Unsupervised Learning Applied to Progressive Compression of Time-Dependent Geometry
Thomas Baby, Youngmin Kim, and Amitabh Varshney


Overview

  Overview Common Translations

We propose a new approach to progressively compress time-dependent geometry. Our approach exploits correlations in motion vectors to achieve better compression. We use unsupervised learning techniques to detect good clusters of motion vectors. For each detected cluster, we build a hierarchy of motion vectors using pairwise agglomerative clustering, and succinctly encode the hierarchy using entropy encod- ing. We demonstrate our approach on a client-server system that we have built for downloading time-dependent geometry.



Motivation

In recent years, there has been a significant growth in e-commerce and entertainment over the Internet. Triangulated 3D geometric models are starting to appear on the World Wide Web as virtual shopping malls and virtual games become more common. Currently, most of the geometric data are static, i.e., they do not vary with time. However, if one were to look at the 2D world, where images (static 2D data) were followed by video, one can expect time-dependent geometry to become a more common form of data on the Internet of the future. Time-dependent geometry arises in simulations of many naturally occurring phenomena, e.g., water waves, plant growth, molecular dynamics, cloth animation, etc. In this paper, we describe how to compress time-dependent geometry for the purpose of transmission over the World Wide Web.
There has been a great deal of research on compressing static geometry, but very little work has been done on compressing time-dependent 3D geometric data. The work by Lengyel compresses dynamic meshes by solving for few-parameter deformation models and encoding the residuals. The prototype system considered in their work uses affine transform as the deformation model. However, the problem of determining the class of deformation for a vertex is still open, thus limiting the applicability of their algorithm.


Contributions

  tree

We describe the step we have taken towards exploiting motion correlations for good compression of motion vectors. We use ideas from unsupervised learning theory to find good clusters of motion vectors. By encoding vectors within each cluster in its own local coordinate system, we achieve de-correlation of motion vectors. The main contributions of our paper are the following:

  1. We show that good compression can be achieved by exploiting motion correlations.
  2. We show that good clusters can be found using the expectation maximization algorithm from unsupervised learning theory.
  3. We demonstrate a progressive compression scheme for motion vectors suitable for progressive downloads.
  4. We demonstrate a system that supports progressive download of dynamic, geometric data at varying precisions.


Results

We present the results of running our algorithm on data obtained from a molecular dynamics simulation. The simulation consists of the opening of a channel in an Escherichia coli (E. Coli) bacterium molecule. The data consists of five frames (Frames 0 - 4), and each frame consists of the 3D coordinates of 10585 atoms. With each of the x-, y-, z- coordinates quantized to 16 bits, our algorithm compresses the 10585 motion vectors between frames 0 and 1 to 35.82 bits per atom. The algorithm by Gandoin et al. compresses the same data to 40.48 bits per atom. Our algorithm achieves superior compression rates because atoms exhibit correlations in their motion. We expect similar improvements to hold for motion vectors between other pairs of frames too, since atoms move in a correlated fashion between every successive pair of frames. Our results are superior for other quantization levels too, as seen in Table 1.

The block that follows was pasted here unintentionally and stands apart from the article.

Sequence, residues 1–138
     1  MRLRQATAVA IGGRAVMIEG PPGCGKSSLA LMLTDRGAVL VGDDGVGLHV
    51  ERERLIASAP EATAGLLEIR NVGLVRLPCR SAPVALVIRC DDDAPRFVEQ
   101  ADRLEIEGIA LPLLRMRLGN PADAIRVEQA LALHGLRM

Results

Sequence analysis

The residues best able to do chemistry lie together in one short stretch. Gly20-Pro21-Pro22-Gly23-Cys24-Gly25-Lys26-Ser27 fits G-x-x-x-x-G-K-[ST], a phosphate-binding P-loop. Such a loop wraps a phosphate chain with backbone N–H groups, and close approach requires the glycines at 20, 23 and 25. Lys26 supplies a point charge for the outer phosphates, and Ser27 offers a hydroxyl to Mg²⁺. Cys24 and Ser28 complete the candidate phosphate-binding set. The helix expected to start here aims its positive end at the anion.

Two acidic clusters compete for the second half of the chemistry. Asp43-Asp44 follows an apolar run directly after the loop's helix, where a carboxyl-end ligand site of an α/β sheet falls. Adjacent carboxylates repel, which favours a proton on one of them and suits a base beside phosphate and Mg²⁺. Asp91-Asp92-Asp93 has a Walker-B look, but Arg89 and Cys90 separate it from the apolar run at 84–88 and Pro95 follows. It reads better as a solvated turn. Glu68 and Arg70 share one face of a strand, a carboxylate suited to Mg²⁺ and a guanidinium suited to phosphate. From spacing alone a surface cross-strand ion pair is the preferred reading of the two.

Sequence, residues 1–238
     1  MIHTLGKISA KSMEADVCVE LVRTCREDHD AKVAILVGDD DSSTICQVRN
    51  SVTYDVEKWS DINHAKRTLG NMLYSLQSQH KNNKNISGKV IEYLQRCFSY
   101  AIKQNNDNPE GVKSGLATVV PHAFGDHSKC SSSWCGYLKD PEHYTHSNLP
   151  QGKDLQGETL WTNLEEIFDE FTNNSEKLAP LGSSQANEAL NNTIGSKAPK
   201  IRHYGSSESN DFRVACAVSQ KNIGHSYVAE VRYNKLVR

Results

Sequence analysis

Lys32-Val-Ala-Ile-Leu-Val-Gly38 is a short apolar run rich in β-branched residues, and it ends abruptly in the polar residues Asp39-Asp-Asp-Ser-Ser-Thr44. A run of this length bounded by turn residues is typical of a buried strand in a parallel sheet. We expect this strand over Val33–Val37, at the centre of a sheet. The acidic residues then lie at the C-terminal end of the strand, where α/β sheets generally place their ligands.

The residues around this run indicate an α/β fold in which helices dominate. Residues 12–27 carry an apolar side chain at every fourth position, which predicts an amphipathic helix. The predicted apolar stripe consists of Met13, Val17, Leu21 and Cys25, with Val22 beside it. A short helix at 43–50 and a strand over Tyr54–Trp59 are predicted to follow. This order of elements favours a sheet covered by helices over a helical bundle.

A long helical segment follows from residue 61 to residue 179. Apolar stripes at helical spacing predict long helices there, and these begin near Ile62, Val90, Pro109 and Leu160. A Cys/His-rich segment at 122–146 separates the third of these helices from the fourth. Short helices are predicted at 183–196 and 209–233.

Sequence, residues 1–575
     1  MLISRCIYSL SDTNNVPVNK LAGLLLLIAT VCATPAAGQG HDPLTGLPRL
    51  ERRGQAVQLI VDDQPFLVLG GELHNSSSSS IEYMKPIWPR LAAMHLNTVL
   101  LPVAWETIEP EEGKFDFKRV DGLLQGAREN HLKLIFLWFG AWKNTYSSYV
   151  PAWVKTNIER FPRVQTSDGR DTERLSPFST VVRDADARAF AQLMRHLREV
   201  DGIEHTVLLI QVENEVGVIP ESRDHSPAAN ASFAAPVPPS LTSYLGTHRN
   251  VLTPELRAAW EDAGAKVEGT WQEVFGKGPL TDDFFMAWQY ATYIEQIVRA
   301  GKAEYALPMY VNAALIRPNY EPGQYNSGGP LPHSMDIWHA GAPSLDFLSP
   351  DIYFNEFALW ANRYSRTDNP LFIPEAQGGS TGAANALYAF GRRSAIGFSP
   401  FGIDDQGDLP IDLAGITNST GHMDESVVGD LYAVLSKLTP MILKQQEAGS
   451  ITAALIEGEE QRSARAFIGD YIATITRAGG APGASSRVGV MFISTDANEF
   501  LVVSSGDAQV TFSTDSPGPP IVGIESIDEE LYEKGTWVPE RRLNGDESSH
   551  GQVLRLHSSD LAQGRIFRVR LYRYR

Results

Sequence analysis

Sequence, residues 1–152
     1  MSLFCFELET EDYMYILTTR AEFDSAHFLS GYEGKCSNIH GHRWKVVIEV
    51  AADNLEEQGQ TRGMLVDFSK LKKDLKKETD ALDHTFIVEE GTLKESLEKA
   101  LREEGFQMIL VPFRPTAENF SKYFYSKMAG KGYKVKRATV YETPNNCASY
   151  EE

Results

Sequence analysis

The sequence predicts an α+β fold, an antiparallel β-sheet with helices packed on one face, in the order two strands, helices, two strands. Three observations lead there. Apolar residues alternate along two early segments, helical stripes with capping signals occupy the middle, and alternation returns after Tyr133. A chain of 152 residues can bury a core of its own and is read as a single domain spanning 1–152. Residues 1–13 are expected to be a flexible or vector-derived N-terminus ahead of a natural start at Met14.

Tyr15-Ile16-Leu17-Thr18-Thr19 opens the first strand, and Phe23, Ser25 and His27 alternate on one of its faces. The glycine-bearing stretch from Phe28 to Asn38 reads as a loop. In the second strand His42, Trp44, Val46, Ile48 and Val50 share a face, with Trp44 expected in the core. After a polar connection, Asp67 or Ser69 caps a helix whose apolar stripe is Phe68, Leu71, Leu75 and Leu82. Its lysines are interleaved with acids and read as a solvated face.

Since we use a vector quantization scheme for each frame independently, errors can accumulate. This is a known problem in vector quantization techniques. To address the problem of error accumulation, we encode frame i with respect to a decompressed frame i-1. In other words, the motion vectors between frame i-1 and frame i are the difference between the real data at frame i and the decompressed data at frame i-1. This is shown in Table 2.

Model

(# of Particles)

Quantization

Gandoin

(bits/particle)

Our Algorithm

(bits/particle)

Molecular Dynamics Simulation (10585)

12-bit

22.48

19.25

16-bit

40.48

35.82

Table1. Compression results on molecular dynamics simulation data in number of bits per particle.

 

Errors without Incremental Encoding

Errors with Incremental Encoding

Frame 1

0.0996

0.0996

Frame 2

0.1544

0.1123

Frame 3

0.1819

0.1160

Frame 4

0.1854

0.0869

Table2. Error Accumulation without and with incremental frame encoding.


Conclusions

We have described an algorithm to compress time-dependent geometry by treating motion as simple translation. We have proposed a scheme that takes advantage of correlations in motion by detecting interesting clusters using Expectation-Maximization. Currently, our algorithm requires the user to specify the number of clusters. In future work, we plan to automatically determine the best number of clusters. We also plan to extend our work to compress 3D geometric models.


Publications


Acknowledgements

This work has been supported in part by the NSF grants: IIS 00-81847, CCF 04-29753, and CNS 04-03313. Any opinions, findings, and conclusions or recommendations expressed in this material are those of the author(s) and do not necessarily reflect the views of the National Science Foundation.




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